THE nuclear industry has been accused of playing “transatlantic ping pong” after David Cameron announced plans to transport the biggest shipment yet of nuclear waste from Scotland to the US.

Cameron told the fourth Nuclear Security summit in Washington that 700kg of highly enriched uranium would be transported to the United States from the Dounreay storage facility in Caithness.

In return America would send a different type of used uranium back to Europe where it would be used to help diagnose cancer.

However, Richard Dixon, director of Friends of the Earth Scotland (FoES), said: “Only the nuclear industry could think it was a good idea to risk playing ping pon gacross the Atlantic with large quantities of one of the most dangerous materials on the planet.

“Europe is littered with plenty of highly radioactive waste from both reactors and weapons, there cannot possibly be a need to be importing any more from the US, nor for us to be sending ours to them.

“Nuclear waste should be dealt with as close to where it is produced as possible rather than risking transporting it in ships or planes.

“This waste will remain dangerous for tens of thousands of years. The consequences of an accident during transit would be horrific.”

Campaign group Highlands Against Nuclear Transport (Hant), which has criticised “secret” cargo moves between Scrabster and Barrow, added its voice, claiming Cameron’s plan posed an enormous risk.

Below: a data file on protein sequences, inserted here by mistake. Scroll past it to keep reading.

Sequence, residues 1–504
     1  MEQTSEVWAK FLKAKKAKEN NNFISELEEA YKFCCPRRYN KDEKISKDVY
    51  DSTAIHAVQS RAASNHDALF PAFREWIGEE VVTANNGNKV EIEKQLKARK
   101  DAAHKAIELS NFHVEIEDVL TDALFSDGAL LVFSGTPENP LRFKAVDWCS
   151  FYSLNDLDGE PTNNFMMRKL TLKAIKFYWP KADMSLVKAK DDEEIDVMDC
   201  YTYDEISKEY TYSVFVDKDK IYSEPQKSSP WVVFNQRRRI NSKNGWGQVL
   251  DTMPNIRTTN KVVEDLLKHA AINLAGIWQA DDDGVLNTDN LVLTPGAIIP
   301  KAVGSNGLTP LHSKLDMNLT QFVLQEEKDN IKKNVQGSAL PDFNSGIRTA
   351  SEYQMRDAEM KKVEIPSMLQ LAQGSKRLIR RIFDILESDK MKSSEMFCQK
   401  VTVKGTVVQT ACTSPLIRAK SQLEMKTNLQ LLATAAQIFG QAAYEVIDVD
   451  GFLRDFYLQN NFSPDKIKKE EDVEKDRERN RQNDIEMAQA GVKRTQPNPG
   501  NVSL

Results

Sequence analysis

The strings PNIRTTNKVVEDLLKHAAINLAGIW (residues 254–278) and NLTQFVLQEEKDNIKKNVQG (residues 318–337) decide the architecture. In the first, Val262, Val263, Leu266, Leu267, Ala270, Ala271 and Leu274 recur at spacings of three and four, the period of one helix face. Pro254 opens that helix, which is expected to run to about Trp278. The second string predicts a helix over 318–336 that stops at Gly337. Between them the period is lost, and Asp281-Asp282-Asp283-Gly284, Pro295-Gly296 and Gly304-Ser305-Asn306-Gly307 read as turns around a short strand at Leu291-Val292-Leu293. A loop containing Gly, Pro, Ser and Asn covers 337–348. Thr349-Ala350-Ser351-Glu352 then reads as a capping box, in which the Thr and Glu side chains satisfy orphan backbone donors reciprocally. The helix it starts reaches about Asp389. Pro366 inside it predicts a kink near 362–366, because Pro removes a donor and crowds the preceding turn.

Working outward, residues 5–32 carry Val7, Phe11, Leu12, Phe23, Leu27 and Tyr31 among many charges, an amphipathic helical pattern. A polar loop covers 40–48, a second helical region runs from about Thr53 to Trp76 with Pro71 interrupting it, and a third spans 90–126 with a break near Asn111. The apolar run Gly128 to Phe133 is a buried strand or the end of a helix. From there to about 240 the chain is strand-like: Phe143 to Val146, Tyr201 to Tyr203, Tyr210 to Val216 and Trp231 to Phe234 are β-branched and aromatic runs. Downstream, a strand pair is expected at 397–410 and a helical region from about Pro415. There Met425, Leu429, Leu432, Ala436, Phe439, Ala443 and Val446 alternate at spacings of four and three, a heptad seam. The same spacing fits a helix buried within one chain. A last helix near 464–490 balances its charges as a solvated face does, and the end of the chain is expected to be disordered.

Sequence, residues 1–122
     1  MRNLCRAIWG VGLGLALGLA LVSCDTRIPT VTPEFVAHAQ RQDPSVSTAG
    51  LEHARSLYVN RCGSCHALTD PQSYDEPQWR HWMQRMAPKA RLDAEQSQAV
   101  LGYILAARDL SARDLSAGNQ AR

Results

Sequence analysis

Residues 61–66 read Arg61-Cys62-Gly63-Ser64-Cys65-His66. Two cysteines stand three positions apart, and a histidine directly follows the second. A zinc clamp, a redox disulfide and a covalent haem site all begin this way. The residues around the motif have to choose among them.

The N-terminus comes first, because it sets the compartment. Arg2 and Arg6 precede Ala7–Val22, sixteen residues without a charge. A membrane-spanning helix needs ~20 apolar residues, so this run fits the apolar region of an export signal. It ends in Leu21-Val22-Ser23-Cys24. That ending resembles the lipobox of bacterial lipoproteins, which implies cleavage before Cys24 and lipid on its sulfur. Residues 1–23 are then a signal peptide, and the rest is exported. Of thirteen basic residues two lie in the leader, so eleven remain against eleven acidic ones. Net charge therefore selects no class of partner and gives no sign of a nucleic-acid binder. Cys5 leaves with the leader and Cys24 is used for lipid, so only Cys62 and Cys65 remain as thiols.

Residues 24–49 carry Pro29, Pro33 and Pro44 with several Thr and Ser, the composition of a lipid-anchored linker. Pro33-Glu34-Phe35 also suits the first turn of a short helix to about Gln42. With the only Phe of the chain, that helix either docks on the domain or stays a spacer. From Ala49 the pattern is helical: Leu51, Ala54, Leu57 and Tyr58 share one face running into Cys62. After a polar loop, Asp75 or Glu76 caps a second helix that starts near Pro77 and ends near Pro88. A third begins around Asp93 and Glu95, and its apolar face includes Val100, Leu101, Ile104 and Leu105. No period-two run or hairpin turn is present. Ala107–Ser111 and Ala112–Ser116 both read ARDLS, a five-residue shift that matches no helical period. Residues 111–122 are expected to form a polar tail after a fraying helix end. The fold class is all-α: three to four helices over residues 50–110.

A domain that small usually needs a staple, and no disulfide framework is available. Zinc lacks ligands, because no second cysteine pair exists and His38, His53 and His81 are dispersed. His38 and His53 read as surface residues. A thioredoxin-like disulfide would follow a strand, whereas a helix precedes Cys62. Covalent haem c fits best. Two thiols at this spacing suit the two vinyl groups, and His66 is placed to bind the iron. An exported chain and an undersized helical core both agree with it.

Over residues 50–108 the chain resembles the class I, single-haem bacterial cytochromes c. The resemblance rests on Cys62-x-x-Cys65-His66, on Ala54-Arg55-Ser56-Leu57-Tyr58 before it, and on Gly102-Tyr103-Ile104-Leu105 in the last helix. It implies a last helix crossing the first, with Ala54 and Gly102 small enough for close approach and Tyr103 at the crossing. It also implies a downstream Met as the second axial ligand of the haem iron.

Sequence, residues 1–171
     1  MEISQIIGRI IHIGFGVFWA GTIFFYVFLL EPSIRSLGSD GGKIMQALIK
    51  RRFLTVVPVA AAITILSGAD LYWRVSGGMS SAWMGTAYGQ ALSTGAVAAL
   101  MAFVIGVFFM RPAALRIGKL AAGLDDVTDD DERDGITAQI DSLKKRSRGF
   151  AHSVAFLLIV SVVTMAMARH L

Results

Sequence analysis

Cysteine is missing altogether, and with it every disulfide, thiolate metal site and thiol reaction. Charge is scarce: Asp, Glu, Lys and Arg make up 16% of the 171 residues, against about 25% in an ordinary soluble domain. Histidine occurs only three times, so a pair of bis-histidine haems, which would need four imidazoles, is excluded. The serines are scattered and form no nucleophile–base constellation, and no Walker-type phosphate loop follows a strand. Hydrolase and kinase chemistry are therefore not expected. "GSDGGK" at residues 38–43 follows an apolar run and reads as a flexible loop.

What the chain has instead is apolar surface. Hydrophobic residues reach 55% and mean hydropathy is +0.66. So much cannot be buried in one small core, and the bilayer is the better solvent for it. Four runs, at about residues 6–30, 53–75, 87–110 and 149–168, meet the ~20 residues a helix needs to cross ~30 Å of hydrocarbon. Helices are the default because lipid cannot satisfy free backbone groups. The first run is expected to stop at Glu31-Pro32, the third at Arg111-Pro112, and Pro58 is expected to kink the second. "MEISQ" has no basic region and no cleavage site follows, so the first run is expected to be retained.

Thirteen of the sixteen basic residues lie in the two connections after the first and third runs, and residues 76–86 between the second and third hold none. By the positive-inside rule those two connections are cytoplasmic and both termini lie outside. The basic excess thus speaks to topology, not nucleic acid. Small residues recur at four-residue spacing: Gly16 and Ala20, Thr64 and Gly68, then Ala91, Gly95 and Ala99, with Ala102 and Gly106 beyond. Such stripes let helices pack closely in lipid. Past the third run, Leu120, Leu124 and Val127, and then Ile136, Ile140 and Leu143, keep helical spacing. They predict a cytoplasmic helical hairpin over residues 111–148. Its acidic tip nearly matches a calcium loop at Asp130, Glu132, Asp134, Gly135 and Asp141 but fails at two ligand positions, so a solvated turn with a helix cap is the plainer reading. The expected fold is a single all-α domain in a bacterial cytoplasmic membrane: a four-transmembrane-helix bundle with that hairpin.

Its chairman, Tor Justad, told The National: “This is unacceptable. It’s highly risky, either by air, sea or road.

“They are taking huge risks of an accident or terror attack. Look at what happened in Belgium, where Daesh were thought to be targeting a nuclear plant.

“It’s unnecessary and a total sham because there are plenty of medical isotopes in Europe already.”

Justad added he was perplexed by the secrecy surrounding the moves.

“There’s no openness, no accountability,” he said. “We can never get straight answers when we question the necessity of these cargoes.”

The Prime Minister said he aimed to show it was possible to exhibit a different way of thinking about the disposal of nuclear waste.

His officials said the US had more capacity to store and process this largest-ever movement of nuclear waste. A different form of used uranium would be transported in return from America to the European Atomic Energy agency (Euratom), to be turned into radioactive isotopes used to detect and diagnose cancer.

Cameron also told the summit that Britain and America would hold a joint exercise to test the ability of both countries to prevent cyber-attacks on their nuclear stations and waste facilities.

He offered British expertise to countries including Japan, Turkey, South Korea and Argentina, which have asked for advice on how best to protect nuclear plants. Cameron also committed £10 million to be spent on civil nuclear security worldwide.

Obama and the leaders of Japan and South Korea re-committed themselves to each other’s security amid ongoing threats from North Korea, after a meeting alongside the summit.

The US president met with Japanese Prime Minister Shinzo Abe and South Korean President Park Geun-hye, and said the countries had agreed to deepen their cooperation.